And even *if* there a tone of remorse in his voice, it doesn't change that Leela should know that Fry wouldn't do half the stuff he does for her, for Amy. Fry isn't trying to get together with Amy again, and he broke up with her a long time ago. Most of all, he never says he loves Amy. That should've meant something to Leela, that she not get angry at him just because he mentioned Amy.
Venus

Urban Legend
***
« Reply #51 on: 02-10-2006 23:34 »

Whether it's petty or not mentioning an ex girlfriend is a major turn-off. The next time you're in a woman's bedroom mention your ex and what you used to do for her and see what kinda reaction you get. Ten-to-one you won't be getting lucky that night.
Aristobulus

Crustacean
*
« Reply #52 on: 02-10-2006 23:44 »

True, but how often is it that the woman you're with is one whose life you've saved before, and who you've come close to dying for?

Among other things, that is. And further, this was *Fry*. It's obvious he didn't mean any harm by it.
Venus

Urban Legend
***
« Reply #53 on: 02-10-2006 23:47 »

He hadn't saved, or nearly died for her yet. Parasite's Lost was the first episode where he actually began to pursue her. The rescuing and nearly dieing for stuff didn't happen till later.
Aristobulus

Crustacean
*
« Reply #54 on: 02-10-2006 23:59 »

Hmm, really? I'm getting my episodes mixed up, then.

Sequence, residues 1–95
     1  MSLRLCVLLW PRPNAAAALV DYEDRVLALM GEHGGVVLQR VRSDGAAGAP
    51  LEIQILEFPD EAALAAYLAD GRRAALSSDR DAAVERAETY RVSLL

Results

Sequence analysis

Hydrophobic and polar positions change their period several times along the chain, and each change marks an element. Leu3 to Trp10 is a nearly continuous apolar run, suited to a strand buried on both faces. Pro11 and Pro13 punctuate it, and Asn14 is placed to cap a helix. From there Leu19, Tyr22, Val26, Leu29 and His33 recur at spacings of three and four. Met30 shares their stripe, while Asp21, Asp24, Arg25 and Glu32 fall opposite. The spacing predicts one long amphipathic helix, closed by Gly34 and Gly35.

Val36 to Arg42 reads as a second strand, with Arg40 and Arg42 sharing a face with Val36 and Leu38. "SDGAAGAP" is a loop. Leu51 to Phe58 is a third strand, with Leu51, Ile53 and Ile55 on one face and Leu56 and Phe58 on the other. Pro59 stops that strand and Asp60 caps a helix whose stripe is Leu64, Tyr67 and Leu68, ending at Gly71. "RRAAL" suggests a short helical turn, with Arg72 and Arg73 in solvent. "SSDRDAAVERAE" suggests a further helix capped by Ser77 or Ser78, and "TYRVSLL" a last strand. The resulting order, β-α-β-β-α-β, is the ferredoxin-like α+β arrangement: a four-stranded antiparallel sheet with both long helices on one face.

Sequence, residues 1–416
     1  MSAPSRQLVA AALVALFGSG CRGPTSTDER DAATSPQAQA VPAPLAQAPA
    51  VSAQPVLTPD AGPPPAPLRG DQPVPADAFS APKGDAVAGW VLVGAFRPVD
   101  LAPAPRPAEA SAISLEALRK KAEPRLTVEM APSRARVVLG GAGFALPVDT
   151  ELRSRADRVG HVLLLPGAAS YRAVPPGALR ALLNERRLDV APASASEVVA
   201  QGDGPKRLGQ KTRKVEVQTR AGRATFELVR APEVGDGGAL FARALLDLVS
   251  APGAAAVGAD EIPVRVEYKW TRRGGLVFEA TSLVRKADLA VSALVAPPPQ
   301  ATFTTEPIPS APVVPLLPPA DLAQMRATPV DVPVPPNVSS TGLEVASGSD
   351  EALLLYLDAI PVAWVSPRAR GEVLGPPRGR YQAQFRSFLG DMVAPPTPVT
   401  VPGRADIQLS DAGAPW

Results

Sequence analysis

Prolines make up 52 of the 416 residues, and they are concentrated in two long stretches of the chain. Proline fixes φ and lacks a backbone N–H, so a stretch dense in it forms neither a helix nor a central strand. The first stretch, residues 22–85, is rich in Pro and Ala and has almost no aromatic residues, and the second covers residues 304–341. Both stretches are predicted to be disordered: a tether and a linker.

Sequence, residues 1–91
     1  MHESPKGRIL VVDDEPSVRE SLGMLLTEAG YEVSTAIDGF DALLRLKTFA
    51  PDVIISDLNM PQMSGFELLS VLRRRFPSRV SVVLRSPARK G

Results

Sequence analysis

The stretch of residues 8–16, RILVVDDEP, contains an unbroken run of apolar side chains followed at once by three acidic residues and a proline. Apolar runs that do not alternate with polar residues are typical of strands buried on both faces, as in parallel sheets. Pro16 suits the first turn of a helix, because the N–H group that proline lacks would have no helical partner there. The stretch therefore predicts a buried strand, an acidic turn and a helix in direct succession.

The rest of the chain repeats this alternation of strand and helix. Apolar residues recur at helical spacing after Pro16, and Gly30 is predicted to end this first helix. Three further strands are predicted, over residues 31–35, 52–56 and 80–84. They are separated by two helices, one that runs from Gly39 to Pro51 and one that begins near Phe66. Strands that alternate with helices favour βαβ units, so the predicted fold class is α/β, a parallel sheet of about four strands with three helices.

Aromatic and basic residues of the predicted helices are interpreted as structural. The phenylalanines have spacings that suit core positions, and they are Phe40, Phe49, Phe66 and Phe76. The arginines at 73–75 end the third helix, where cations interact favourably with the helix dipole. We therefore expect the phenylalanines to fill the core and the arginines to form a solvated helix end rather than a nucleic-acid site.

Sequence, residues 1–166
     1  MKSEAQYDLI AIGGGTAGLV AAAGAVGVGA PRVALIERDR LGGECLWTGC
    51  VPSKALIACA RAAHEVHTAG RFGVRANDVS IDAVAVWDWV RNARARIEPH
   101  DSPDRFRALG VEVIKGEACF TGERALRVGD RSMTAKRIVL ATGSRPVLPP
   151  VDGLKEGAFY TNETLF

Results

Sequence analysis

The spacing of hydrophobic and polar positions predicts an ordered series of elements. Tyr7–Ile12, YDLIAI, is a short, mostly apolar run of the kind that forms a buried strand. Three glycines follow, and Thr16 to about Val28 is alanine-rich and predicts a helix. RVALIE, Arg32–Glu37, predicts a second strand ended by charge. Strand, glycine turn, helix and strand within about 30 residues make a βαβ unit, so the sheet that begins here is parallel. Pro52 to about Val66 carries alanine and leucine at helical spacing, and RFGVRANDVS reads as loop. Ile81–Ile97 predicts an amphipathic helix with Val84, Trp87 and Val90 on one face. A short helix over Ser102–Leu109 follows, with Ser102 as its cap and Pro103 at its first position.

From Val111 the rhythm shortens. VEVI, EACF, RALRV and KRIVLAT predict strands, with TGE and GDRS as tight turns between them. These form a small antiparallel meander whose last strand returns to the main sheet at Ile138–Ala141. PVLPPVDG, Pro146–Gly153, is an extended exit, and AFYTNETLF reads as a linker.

Happens when you watch a show out of order.

I'll concede the point, then.

And besides, there's no way to know that Leela didn't think back on it later and realize what Fry had to feel, to cleanse the worms.

I mean, as shown in the Sting, she kept things from him even during times when it seemed like she hated him, so there's no telling what she thought behind closed doors.
Shiny

Professor
*
« Reply #55 on: 02-11-2006 00:59 »

"Times when it seemed like she hated him?!"  From The Sting?!  I'm totally not getting this sentence...

But to go on about Parasites Lost a little...remember, from Leela's POV, the worms could have just made Fry more charming, more able to "fake being in love" (as she saw him teaching Dr. Zoidberg before).  I could say more, even, but instead I'll just make a shameless plug for my story, The Other Side of Parasites, where I explored these very issues.  (It's the sixth post from the bottom, on page 1 of the thread; if you like you can read the other stories, too, I won't mind.  wink )

And as for the other eps you mentioned, Mssr. Aristobulus (cool name, btw), let me just say that Fry totally deserved that punch in the eye.  The "time shelter" was more than just a lame come-on, it was actively offensive.  The "sexy poster" Fry hung there had the silhouettes of two women kissing; he'd obviously decorated it for himself, not for her.  Fry might as well have said "I'd like you to be a sex toy and help me fulfill my own adolescent fantasies, and oh yeah, I'm going to sell you on the idea by pretending to do something sweet and caring for you."